This makes it important that the output +ve node should be kept very close to R1 and 317 out, to minimse the voltage errors that will exist along that trace.

What is C4?
Can't be to stabilise the 317, you have it too far away from the chip.

Because you are using a top side plane, each of the nodes can be a small area of plane and the plane minimises the inductance. Make the plane work for you, you don't need theoretical "point" nodes, close proximity is probably good enough.
 
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Your layout problem starts with the sch.
It is wrong.
pin2 of S1 should read the output voltage at the bottom of C4. Similarly C2 needs to reference that same output node.
Your layout then needs to implement that node. This is where the OUTPUT Zero Volts is.

I think there is comment in the LM317 datasheet that the inductance between 317 out and R1 should be low. This would require R1 to tap onto the 317 Output trace, instead of tapping into the output voltage.
This makes it important that the output +ve node should be kept very close to R1 and 317 out, to minimse the voltage errors that will exist along that trace.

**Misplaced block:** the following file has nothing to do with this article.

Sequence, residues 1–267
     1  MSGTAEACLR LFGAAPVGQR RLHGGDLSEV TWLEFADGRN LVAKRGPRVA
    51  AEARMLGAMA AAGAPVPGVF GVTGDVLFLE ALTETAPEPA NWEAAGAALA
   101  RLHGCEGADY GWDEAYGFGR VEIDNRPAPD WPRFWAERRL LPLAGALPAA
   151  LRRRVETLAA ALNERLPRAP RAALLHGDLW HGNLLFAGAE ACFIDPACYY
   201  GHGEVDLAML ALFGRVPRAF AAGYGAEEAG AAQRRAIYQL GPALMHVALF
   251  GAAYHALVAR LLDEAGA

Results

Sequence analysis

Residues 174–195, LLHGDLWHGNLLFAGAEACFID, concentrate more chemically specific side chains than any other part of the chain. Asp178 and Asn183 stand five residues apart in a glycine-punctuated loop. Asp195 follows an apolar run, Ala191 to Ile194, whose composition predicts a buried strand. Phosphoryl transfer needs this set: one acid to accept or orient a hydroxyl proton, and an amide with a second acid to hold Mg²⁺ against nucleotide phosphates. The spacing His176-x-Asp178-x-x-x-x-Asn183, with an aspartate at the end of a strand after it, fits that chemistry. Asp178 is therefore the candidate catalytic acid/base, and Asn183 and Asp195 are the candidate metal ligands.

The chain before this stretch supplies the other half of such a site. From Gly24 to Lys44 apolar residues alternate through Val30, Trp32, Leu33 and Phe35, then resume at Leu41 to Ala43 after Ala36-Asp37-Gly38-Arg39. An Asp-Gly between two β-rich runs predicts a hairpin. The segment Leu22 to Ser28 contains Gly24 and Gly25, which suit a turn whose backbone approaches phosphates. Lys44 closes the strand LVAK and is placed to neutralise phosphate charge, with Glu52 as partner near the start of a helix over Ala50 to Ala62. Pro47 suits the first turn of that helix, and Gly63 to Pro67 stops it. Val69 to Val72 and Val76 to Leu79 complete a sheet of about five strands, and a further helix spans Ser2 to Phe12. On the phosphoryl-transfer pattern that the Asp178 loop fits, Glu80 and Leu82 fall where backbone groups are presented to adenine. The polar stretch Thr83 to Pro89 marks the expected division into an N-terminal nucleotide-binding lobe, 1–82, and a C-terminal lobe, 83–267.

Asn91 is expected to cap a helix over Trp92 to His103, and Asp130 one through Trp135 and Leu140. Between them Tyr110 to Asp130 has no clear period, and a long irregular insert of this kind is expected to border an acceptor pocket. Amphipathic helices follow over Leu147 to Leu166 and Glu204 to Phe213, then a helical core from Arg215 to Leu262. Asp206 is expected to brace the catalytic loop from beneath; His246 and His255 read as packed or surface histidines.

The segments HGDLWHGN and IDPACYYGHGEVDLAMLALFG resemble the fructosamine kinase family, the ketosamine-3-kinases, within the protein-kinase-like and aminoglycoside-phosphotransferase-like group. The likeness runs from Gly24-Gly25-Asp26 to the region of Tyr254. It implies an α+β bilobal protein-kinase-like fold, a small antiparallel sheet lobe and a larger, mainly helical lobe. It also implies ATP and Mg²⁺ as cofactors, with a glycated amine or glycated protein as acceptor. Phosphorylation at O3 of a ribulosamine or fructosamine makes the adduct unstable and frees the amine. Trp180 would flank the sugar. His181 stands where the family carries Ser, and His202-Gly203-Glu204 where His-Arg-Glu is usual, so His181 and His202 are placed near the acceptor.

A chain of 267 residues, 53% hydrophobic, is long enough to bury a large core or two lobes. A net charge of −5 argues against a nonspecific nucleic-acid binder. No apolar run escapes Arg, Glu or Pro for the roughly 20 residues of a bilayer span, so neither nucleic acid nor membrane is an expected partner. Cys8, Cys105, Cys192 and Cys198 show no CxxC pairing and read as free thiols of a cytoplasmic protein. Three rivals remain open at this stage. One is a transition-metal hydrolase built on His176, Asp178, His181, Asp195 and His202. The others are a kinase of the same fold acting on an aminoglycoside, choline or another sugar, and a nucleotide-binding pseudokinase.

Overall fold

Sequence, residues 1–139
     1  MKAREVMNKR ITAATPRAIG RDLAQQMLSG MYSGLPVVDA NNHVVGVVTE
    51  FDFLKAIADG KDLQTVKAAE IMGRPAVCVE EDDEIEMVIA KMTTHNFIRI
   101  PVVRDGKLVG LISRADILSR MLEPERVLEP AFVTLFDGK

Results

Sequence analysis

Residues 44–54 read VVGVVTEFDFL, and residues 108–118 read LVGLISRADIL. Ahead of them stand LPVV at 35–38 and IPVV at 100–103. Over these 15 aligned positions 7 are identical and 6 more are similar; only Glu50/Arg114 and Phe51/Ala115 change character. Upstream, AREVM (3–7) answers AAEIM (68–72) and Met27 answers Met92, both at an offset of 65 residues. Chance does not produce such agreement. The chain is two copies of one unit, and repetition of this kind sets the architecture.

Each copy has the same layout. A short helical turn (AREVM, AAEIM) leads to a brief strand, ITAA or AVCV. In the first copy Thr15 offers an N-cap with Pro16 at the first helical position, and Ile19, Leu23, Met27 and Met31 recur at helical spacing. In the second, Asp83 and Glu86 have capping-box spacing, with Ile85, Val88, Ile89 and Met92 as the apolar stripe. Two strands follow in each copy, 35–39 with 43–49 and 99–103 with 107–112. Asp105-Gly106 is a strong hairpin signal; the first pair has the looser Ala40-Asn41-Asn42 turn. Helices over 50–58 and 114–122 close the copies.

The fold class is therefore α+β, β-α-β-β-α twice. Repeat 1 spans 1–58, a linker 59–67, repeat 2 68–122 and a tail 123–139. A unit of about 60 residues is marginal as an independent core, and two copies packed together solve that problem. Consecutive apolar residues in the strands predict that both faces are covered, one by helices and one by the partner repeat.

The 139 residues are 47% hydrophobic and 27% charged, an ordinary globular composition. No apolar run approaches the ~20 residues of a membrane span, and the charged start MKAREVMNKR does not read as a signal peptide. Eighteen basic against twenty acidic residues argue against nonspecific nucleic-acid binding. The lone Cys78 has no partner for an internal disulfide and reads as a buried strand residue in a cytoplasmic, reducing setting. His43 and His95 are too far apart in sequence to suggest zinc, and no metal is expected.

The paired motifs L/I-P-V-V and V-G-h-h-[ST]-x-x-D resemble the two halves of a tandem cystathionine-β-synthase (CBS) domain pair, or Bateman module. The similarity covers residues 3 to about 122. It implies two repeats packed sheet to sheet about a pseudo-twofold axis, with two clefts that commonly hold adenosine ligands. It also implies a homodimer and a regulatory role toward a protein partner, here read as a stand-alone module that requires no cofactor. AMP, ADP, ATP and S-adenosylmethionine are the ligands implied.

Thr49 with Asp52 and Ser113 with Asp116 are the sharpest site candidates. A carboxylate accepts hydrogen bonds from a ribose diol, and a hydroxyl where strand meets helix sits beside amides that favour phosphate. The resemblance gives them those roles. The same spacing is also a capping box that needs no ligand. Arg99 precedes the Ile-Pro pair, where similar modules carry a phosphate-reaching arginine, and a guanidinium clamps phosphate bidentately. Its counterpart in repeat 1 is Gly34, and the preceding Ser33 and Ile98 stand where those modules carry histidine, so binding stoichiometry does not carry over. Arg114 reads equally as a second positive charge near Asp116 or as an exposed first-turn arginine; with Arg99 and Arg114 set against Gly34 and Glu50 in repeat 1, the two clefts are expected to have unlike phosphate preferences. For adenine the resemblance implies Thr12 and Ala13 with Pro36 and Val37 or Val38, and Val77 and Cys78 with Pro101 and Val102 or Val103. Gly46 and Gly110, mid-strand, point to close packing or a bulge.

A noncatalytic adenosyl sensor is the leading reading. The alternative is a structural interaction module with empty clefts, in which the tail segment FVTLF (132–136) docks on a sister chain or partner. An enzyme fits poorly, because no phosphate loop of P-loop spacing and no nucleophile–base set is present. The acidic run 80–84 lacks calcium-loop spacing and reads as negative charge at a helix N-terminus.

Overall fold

What is C4?
Can't be to stabilise the 317, you have it too far away from the chip.

Because you are using a top side plane, each of the nodes can be a small area of plane and the plane minimises the inductance. Make the plane work for you, you don't need theoretical "point" nodes, close proximity is probably good enough.

C4 is just a bypass cap for C3 - 100uf electro and 0.1uf MKT respectively. C2 is Cadj for the regulator (mentioned in data sheet to improve ripple rejection >60Hz). I need to increase the size as I've just noticed it's the wrong value going through the data sheet (should be 25uf; not 1uf).

Regarding the resistors - I've put a few adjustable regs together before (this is a LT1083, fyi) and I was under the impression that how I've set them up is correct - R1/R4 develop the 1.25v reference voltage and set current, and R2/5 OR 3/6 to the zero-out (also in this case, the -ve rail) via the switch set the output voltage. Pins 2/5 on the switch are connected to the zero-out/-ve too, so as you flick the switch it changed the output voltage dependant on the formula (in the realms of 28 and 32v as listed).

If I have done this somehow wrong, could you please sketch it up quickly as I am struggling to see how your explanation of what I need to change is exactly what I've already done :confused: